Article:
Dunno what to say really, perhaps an introductory mechanics textbook would help connect the maths to real world problems and show you what it's good for.

Matt
Sunday, May 09, 2004

Is not accleration gravity? And gravity the force of attraction between two masses? So metres/second ^ 2 should be the units for the force of attraction between 2 masses and metres/second, units for the result of the force.

Car at rest. Pedal pushed. Car moves. Velocity increases. Rate of increase in velocity is acceleration. More pushing, more accleration. Car reaches the chequred flag. Champagne sprayed and drunk. Half naked cute chicks hug and kiss you. Lucky !@#$$!

Car at rest. Pedal pushed. Car moves. Velocity increases. Rate of increase in velocity is the rate of increase the attraction between the car and that hot babe with chequred  flag around her waist, and nothing else. More acceleration means increased attraction. Car reaches the chequred flag. Champagne sprayed and drunk. Half naked cute chicks hug and kiss you. Lucky !@#$$!

KayJay
Monday, May 10, 2004

==> what is the meaning of measuring the change in speed per unit of time.

Umm ...

Acceleration!

That, to me, is the textbook definition of "acceleration". The change in speed per unit of time.

Was there a real question here?

Sgt. Sausage
Monday, May 10, 2004

>Was there a real question here?

If you were me, you'd know how itching the mental blockages are that I have.

Sathyaish Chakravarthy
Monday, May 10, 2004

> So metres/second ^ 2 should be the units for the force of attraction

Not exactly: force isn't the same as acceleration. Force is the thing required to accelerate an object *of a given mass*: the larger the mass, the larger the force required to accelerate it. Force is like "weight" and is measured in "newtons"; its dimension is "metres * kilograms / (seconds squared)".

When I was in Singapore, I saw notices (e.g. in the hotel, and in the computer room, etc.) stating the strength of the floors ... with the signs saying something like "10 KN / square metre" ... because this information is needed by fire-fighters.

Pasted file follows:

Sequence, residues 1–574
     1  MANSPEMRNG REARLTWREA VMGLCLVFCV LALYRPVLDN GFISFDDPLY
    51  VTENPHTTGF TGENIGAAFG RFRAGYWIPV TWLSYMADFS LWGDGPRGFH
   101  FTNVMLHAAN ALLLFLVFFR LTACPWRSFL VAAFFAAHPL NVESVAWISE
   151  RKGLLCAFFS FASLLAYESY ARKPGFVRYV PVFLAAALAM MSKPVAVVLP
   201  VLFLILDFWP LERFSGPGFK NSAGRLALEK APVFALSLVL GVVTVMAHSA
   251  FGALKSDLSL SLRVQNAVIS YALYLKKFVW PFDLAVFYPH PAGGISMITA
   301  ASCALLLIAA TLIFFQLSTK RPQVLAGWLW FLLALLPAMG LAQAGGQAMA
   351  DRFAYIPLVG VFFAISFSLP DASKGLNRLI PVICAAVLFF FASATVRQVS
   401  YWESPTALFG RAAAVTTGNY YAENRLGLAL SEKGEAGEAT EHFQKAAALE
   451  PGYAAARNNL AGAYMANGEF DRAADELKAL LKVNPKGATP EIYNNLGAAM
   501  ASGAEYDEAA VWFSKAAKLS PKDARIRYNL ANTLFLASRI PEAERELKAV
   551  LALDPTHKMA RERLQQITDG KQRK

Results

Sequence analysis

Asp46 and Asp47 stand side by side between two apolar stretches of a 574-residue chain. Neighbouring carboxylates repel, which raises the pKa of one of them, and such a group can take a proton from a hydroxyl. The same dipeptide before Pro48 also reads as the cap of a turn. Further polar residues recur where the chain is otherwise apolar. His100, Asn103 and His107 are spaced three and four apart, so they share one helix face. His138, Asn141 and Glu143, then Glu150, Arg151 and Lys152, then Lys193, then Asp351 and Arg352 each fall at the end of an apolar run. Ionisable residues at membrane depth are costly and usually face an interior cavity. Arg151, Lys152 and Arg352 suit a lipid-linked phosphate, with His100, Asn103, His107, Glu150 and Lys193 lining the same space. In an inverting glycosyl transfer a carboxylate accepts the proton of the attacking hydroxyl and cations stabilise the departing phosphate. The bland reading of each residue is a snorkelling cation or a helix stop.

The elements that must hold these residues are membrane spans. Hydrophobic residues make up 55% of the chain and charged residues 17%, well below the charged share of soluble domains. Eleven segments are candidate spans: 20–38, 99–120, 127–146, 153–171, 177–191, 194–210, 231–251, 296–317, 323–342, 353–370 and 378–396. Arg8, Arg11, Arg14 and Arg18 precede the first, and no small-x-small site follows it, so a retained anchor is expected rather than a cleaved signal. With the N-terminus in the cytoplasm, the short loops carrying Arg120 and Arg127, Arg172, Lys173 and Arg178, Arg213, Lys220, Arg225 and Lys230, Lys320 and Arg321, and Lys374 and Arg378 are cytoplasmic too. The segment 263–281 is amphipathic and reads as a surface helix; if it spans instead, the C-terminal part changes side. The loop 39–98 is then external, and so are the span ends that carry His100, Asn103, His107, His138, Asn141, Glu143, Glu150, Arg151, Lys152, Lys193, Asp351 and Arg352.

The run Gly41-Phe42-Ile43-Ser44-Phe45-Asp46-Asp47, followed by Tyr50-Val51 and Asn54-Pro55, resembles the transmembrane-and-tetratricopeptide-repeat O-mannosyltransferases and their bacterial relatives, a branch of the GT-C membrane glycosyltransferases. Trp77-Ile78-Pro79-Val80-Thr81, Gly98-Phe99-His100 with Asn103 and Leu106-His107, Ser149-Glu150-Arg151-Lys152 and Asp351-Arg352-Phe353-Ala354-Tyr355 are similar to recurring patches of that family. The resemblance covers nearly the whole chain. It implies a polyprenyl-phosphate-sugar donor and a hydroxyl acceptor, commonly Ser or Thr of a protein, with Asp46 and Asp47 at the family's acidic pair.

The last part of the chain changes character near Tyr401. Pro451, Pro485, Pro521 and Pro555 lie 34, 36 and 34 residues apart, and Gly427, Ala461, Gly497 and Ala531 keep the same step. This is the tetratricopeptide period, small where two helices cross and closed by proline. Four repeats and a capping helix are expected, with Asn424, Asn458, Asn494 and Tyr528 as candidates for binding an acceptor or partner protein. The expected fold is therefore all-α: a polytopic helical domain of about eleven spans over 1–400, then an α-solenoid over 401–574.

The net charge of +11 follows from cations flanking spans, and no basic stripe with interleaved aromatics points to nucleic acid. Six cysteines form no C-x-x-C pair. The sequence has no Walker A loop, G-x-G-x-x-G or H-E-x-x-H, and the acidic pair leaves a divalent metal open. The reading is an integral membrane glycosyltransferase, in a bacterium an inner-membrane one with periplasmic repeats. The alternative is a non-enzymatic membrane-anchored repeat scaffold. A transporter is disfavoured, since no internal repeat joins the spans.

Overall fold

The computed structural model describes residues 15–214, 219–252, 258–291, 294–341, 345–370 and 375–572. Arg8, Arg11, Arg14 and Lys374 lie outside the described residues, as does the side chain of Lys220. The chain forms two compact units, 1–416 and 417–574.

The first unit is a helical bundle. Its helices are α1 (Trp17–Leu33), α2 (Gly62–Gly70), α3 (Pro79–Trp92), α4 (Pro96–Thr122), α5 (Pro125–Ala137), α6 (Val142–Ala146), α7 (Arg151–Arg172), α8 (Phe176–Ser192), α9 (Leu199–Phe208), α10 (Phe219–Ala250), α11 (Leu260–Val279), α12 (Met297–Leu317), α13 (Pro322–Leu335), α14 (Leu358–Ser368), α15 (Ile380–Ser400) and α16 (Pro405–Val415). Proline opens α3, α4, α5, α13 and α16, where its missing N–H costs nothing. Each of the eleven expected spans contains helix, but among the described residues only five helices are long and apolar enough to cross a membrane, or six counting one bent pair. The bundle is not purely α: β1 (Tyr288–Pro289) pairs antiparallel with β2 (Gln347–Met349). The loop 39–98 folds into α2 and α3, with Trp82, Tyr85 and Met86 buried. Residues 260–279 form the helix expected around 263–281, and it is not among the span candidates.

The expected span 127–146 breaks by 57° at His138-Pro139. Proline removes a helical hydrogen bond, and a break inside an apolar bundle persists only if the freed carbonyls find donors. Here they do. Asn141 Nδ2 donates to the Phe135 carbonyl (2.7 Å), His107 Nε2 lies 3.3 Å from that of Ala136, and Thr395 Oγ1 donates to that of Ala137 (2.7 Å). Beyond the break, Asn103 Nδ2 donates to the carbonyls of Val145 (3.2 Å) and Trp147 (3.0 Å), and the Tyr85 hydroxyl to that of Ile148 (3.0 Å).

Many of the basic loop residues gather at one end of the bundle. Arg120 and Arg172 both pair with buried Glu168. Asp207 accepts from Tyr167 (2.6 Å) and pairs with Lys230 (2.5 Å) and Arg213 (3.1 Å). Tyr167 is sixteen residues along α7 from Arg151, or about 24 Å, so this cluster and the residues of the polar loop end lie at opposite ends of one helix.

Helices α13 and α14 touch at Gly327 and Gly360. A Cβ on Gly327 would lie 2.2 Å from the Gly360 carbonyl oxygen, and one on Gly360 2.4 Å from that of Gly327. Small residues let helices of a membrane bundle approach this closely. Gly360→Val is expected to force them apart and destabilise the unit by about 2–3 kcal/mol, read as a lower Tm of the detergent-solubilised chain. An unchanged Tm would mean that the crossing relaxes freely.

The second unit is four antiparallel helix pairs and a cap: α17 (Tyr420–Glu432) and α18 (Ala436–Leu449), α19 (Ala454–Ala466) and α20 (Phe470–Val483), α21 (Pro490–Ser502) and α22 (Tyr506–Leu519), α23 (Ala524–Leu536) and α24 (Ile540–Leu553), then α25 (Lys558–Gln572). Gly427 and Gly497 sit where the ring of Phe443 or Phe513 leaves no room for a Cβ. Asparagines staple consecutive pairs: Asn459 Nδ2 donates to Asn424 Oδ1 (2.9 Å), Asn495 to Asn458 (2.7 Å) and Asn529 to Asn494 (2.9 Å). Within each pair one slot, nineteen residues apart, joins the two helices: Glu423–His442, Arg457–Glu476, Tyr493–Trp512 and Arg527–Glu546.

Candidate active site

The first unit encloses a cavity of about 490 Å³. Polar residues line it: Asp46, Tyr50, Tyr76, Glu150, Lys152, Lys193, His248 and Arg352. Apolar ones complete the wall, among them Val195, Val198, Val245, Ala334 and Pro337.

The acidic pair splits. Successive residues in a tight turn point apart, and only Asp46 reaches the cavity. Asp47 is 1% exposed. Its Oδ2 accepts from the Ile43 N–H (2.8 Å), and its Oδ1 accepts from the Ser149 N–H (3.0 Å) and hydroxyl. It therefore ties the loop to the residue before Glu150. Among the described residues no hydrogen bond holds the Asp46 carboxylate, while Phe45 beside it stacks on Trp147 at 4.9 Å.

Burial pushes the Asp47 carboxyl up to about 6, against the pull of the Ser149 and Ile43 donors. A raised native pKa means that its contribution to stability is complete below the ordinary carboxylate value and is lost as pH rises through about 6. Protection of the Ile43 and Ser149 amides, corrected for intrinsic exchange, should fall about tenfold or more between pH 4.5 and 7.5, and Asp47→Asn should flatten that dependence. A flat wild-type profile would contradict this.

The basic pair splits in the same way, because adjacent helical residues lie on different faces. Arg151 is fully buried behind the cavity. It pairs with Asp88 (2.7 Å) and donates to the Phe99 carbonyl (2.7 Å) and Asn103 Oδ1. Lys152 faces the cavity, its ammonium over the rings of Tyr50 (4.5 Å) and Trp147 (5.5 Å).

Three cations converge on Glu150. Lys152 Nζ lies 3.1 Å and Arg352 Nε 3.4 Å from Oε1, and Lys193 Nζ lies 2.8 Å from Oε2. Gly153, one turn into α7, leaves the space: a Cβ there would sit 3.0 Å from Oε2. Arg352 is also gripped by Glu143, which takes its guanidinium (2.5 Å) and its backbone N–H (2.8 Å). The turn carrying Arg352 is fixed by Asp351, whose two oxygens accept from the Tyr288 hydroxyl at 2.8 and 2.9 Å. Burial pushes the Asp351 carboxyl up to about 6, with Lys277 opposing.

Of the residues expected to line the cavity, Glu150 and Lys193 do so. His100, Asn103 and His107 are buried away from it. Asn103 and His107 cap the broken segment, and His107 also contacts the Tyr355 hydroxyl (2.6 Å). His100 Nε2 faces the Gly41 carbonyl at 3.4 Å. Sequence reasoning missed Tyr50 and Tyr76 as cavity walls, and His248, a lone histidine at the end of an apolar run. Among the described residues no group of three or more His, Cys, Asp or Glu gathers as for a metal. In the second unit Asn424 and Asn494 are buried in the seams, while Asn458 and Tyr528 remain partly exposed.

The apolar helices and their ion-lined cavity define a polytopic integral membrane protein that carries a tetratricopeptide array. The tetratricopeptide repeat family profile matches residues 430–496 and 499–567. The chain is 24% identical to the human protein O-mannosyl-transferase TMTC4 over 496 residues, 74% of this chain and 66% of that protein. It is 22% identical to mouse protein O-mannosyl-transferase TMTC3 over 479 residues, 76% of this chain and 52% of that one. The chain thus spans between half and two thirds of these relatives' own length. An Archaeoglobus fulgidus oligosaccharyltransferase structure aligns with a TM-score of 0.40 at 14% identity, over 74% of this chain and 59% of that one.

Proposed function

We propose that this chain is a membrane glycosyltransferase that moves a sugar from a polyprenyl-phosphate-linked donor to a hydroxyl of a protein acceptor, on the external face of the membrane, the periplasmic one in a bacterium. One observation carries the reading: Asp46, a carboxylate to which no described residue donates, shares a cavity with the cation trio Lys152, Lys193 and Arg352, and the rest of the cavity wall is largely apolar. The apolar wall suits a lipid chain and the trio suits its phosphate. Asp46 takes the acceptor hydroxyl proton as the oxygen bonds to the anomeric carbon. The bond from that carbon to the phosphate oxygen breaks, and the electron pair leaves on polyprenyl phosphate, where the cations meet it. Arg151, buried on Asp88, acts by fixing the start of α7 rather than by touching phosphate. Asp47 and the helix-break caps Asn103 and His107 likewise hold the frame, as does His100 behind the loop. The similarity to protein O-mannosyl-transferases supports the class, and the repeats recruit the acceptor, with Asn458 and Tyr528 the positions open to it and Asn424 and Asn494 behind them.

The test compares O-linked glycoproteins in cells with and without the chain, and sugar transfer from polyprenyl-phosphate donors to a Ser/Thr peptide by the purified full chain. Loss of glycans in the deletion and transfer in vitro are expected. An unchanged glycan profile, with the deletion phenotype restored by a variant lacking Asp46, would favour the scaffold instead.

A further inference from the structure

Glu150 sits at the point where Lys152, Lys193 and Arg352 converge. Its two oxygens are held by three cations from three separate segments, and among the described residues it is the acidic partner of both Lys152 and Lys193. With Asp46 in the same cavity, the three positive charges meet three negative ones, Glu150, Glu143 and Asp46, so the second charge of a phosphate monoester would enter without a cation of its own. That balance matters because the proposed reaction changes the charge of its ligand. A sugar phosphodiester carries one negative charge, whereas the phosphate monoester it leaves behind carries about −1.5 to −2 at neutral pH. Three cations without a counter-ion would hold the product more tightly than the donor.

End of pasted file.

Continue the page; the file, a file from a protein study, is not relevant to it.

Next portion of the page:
Christopher Wells
Monday, May 10, 2004

One small explanation may be in place: m/s^2 is just a funky way of writing 'meters per second per second'.

Jonas B.
Monday, May 10, 2004

Sathyaish Chakravarthy wrote:
"what is the meaning of measuring the change in speed per unit of time?"

Maybe some specific examples are called for:

***** Example 1 ******
When I drop an object, its downward acceleration is approximately 32.2 feet/second/second.

After one second, its downward speed is 32.2 feet/second.
After two seconds, its 32.2 + 32.2 = 64.4 feet/second
After 3 seconds, its 32.2 + 64.4 = 96.6 feet/second
After 4 seconds, its 32.2 + 96.6 = 128.8 feet/second.

In short, the object increases its speed by "32.2 feet/second" every second.

***** Example 2 *****
Many car advertisements say something like "Car goes from 0 to 60 mph in 10 seconds."  The average acceleration is 60/10 = 6mph/second

i.e., the car increases its speed by 6mph every second.

Note:  mph = miles per hour

ArnoldW
Tuesday, May 11, 2004

Thank you guys, many many times. I enjoyed reading every bit of it. You're all the most delightful company one can have. I love the nerd kingdom.

Thanks, David, for such an interesting account. Thank you Tom and Matt, for being so patient with me. Aaron, you make a wonderful teacher. Thank you so much.

Thank you Christopher. Nice joke, <one blank space/>.

<NO DENNIS/>

>Based on the title of the movie and they way you implied it's connotation, is it possible it is in reference to Dirk Diggler, the porn star who's life was chronicled in Boogie Nights?

I am sorry, I wouldn't know, JWA.

Thanks, Chris, thank, KayJay and thanks, Arnold.

Thanks, mom. Thanks, dad! I couldn't have done this without you. Thank you to the people of...ahem...<SANITY_CHECK/>

Sathyaish Chakravarthy
Tuesday, May 11, 2004